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November 12, 2008 01:00 PM

Daniel Craig, the star of Quantum of Solace, the new James Bond movie (Sony Pictures), talked to Peopleenespañ about playing this iconic action hero and his sizzling on-screen chemistry with co-star Olga Kurylenko.

When you think of James Bond, you envision a swanky spy with a designer suit fighting villains on a spiraling jet while holding a Martini… and not spilling a drop! There seems to be no ‘mission impossible’ for Agent 007. However, there’s much more to this enigmatic character than saving the day or being a playboy who canoodles with bronzed beauties on an exotic beach. In Quantum of Solace -the latest chapter of the James Bond saga, directed by Marc Foster- actor Daniel Craig gives his character a depth as enticing as his sparkling blue eyes. Here the actor talks about the challenges he faced while playing Agent 007.

Tell us about the stunts and the challenges you faced in the action scenes…
I enjoy doing them. I think they’re very much part of a Bond movie. If I can get my face onto the screen as much as possible [laughs]…that sounds wrong! If I can get my face on the screen at the right moments then the audience doesn’t get snapped out in the height of a scene and go: ‘oh, it’s not him’. It’s a shame and I wanted them not to feel that. Together with me doing the stunts, the way my doubles do it and then sometimes we use a bit of special effects, hopefully you never notice.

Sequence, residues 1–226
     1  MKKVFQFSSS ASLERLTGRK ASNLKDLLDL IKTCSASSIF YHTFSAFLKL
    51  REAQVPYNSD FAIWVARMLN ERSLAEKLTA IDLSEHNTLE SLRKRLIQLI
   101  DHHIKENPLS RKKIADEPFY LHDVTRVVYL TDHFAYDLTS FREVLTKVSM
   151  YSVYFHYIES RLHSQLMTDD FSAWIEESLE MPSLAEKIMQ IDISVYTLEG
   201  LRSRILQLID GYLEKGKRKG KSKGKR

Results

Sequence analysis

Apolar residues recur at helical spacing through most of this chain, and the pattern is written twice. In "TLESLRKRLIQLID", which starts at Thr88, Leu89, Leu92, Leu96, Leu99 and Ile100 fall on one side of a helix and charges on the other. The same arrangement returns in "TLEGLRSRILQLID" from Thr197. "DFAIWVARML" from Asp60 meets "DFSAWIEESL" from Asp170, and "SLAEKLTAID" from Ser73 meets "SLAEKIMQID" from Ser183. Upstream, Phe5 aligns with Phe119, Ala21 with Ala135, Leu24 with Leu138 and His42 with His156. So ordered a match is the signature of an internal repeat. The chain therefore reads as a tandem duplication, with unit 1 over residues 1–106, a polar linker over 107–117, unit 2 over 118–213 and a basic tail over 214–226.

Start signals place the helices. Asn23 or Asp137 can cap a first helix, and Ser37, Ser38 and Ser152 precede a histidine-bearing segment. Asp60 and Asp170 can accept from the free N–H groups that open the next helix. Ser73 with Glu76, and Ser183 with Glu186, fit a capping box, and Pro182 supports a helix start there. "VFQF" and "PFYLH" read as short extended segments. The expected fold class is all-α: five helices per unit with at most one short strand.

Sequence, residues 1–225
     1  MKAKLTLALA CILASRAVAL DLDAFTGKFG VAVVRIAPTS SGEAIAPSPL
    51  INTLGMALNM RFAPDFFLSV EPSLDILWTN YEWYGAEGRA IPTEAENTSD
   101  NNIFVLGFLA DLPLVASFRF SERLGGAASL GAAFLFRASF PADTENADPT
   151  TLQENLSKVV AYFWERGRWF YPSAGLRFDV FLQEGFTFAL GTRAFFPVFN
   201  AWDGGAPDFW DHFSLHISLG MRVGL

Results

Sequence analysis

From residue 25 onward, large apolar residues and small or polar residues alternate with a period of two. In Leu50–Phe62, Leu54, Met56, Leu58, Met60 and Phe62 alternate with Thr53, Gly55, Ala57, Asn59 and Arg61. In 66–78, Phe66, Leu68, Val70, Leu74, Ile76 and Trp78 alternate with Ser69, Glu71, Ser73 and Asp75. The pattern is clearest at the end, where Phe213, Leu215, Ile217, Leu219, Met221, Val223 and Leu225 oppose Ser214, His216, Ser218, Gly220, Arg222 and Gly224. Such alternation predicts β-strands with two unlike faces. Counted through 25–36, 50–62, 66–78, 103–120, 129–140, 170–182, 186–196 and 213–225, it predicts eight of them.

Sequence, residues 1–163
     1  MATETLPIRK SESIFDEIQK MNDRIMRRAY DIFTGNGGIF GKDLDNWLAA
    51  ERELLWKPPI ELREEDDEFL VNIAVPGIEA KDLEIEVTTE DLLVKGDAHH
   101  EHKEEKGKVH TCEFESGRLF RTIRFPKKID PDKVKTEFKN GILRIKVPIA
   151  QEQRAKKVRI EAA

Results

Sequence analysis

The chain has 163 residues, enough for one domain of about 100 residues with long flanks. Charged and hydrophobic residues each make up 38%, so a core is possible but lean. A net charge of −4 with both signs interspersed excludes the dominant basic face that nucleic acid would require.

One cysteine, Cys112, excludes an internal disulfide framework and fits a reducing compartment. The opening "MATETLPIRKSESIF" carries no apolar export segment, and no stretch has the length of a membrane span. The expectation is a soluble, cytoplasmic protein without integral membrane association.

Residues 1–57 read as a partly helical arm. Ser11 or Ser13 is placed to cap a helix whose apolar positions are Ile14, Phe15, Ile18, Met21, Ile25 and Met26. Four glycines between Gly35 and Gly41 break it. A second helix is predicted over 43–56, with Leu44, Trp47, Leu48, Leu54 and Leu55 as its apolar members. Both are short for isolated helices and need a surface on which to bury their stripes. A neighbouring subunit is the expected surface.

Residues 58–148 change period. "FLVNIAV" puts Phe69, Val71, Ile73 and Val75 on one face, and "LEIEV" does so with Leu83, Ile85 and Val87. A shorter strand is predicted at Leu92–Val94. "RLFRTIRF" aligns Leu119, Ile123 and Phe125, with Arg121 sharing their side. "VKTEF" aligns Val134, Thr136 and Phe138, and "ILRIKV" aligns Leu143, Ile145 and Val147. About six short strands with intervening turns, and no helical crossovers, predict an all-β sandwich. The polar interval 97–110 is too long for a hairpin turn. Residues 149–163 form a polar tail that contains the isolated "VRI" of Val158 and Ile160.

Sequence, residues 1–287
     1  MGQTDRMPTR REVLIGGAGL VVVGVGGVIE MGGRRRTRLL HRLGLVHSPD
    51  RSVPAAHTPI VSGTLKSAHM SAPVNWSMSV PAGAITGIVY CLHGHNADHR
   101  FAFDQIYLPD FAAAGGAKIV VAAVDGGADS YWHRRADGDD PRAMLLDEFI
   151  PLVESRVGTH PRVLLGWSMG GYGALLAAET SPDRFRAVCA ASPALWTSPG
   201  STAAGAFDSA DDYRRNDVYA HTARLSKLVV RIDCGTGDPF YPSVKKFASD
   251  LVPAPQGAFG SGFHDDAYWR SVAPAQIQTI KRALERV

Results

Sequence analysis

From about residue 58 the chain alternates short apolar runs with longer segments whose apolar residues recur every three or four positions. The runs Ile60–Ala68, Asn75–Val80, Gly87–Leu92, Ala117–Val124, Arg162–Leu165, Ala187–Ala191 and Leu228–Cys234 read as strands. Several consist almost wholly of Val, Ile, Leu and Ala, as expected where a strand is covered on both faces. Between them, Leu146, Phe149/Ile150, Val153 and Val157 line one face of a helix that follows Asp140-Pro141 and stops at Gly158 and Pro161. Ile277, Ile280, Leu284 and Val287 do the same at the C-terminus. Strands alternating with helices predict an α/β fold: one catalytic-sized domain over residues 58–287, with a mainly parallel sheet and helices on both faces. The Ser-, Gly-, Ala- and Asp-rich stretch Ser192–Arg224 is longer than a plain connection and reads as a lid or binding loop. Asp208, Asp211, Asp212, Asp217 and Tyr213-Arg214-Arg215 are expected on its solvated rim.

Which was the toughest scene?
The toughest stunt was jumping out of the aircraft because we did it in a two-hundred-mile-an-hour vertical wind tunnel so we actually were sort of free-falling. We had a cameraman inside carrying a camera with a handler also flying and then twenty cameras around it. It was difficult. I trained about a week intensively to try to get to that point of the shoot. That was pretty tough.

Traditionally for Latinos James Bond is a true cult hero. What was the welcome like from people in locations like Chile, Panama or Mexico, where parts of the movie were filmed?
It was fantastic. One night we were in Colon filming at night time and a thousand people turned up to come and watch. They shouted my name. The reception was incredibly warm. They loved having us there. It was exceptional.

Was it hard to film in the Atacama desert in Chile?
It’s such an amazing place. This is a stone desert so it’s incredibly rough and harsh. There’s little or no life there. You see a bird occasionally and you know they’re lost, they’ve flown the wrong way. But it is exceptionally beautiful there. The phones didn’t work so I didn’t keep in contact with the outside world. So for the first time while we were filming, it was really peaceful.

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